Atheists looking to deliver Thanksgiving grace devoid of any mention of the Almighty are in luck this holiday season, as the American Humanist Association, a nontheistic nonprofit, has released a series of secular invocations for nonbelievers.
While many faithful view Thanksgiving as a holiday on which they pause to thank God for life’s blessings, others see it as a more secular day during which they can reflect on and appreciate their lives.
“Thanksgiving is a uniquely secular holiday, as gratitude is a universal human emotion,” American Humanist Association executive director Roy Speckhardt said in a statement. “This special day of the year is a chance for humanists and other nontheists to express gratitude to their friends and loved ones.”
Publishing a series of prayers in the online magazine TheHumanist.com, atheists are hoping to inspire their fellow nonbelievers to give thanks in their own unique ways this holiday season.
One of the “non-prayers” that was submitted by Van Curren, leader of Humanists of Idaho, reads:
Corn and grain, meat and milk
Upon our table width and length
With loving thought and careful craft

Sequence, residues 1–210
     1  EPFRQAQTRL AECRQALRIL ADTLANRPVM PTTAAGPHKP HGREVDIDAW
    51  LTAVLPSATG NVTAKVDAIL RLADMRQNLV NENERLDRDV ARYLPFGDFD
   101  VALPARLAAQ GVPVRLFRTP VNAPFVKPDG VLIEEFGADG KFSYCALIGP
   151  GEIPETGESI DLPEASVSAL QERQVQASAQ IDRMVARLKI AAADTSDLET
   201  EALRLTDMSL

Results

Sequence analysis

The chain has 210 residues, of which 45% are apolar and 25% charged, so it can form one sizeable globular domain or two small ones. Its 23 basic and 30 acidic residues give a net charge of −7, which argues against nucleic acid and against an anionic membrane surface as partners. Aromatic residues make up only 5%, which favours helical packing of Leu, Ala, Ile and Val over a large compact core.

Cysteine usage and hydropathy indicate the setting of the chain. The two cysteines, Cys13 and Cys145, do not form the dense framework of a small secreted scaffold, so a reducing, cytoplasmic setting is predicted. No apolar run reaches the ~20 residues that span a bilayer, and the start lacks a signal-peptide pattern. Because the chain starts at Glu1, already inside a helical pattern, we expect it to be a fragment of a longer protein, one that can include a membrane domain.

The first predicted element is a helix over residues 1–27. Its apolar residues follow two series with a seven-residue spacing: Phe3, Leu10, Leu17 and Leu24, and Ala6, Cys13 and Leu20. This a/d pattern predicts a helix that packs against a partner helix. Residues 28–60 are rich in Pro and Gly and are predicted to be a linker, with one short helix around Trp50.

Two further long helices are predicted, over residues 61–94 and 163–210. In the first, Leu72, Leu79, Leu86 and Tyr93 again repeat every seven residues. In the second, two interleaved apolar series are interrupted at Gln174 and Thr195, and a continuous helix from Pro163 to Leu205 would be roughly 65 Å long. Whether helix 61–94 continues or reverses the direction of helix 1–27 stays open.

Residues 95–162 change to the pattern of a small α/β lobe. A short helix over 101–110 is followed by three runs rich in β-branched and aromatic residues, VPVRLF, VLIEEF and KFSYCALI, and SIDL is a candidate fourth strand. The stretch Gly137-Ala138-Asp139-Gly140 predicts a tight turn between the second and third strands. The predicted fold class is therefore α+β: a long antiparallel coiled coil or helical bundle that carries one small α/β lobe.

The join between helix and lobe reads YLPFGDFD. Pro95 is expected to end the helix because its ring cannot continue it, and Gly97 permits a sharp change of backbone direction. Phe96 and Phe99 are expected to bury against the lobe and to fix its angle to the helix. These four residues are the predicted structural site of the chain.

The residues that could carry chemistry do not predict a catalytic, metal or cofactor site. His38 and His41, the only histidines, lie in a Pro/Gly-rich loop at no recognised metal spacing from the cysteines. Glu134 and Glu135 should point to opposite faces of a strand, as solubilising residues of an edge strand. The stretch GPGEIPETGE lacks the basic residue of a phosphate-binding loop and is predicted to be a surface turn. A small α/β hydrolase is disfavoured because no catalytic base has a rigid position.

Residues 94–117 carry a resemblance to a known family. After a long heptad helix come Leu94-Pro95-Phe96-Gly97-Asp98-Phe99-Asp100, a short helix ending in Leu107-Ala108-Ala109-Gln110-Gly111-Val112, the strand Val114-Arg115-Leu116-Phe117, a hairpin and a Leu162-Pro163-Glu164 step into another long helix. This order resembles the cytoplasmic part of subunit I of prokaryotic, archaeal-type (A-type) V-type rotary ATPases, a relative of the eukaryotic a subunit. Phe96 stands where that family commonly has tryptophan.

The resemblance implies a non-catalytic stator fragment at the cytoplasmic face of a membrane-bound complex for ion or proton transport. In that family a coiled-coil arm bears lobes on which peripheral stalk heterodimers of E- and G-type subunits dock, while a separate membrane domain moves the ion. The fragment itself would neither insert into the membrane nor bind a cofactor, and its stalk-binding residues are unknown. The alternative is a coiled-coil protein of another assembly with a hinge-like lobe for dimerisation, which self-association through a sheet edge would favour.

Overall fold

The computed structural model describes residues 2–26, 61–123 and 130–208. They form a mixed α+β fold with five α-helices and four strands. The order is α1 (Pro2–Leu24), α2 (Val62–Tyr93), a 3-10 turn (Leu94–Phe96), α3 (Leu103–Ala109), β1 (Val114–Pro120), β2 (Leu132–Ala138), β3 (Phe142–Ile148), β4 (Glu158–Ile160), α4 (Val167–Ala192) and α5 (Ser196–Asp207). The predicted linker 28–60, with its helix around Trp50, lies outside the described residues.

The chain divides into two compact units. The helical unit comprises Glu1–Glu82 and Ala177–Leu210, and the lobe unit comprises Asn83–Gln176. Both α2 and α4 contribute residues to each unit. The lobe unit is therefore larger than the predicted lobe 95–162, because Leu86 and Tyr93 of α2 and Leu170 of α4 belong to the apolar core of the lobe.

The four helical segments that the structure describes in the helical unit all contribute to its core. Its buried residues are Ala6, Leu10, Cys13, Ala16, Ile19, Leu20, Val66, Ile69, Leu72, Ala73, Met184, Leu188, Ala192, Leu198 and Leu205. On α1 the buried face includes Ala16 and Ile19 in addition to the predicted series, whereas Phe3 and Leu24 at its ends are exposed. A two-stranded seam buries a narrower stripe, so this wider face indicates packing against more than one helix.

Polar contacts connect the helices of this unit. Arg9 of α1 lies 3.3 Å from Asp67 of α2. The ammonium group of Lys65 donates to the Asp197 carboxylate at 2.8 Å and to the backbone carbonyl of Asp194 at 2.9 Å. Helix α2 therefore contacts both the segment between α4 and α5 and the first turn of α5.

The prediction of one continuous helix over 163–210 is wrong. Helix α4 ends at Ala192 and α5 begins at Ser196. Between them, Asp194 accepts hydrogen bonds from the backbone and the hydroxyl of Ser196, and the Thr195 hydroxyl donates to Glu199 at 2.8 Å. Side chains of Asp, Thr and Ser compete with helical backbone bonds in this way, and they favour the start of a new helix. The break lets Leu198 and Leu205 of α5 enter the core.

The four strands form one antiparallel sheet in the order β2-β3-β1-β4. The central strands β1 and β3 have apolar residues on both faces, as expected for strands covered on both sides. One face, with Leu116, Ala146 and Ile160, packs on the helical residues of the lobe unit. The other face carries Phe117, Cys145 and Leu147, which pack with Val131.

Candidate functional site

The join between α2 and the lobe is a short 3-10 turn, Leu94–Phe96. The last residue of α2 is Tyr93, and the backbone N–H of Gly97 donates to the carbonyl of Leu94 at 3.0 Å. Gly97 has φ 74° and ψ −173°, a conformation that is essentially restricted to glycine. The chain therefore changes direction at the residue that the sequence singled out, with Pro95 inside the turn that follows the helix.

Through so many hands have passed
Essence of life, fruits of our labors
Bringing sustenance and strength
To ours and all our neighbors
May we all be grateful for all we have
And compassion for those without.
Another secular invocation composed by Red Bank Humanists reads as follows:
As we come together at this special time, let us pause a moment to appreciate the opportunity for good company and to thank all those past and present whose efforts have made this event possible. We reap the fruits of our society, our Country, and our civilization, and take joy in the bounties of Nature on this happy occasion. Let us also wish that, some day, all people on Earth may enjoy the same good fortune that we share.
As TheBlaze previously reported, the American Humanist Association is no stranger to jumping into the prayer debate, launching a website in May that offered atheists information on how to provide secular invocations at public meetings; we have covered examples of these “non-prayers” in the past.
Read more about secular Thanksgiving invocations here.
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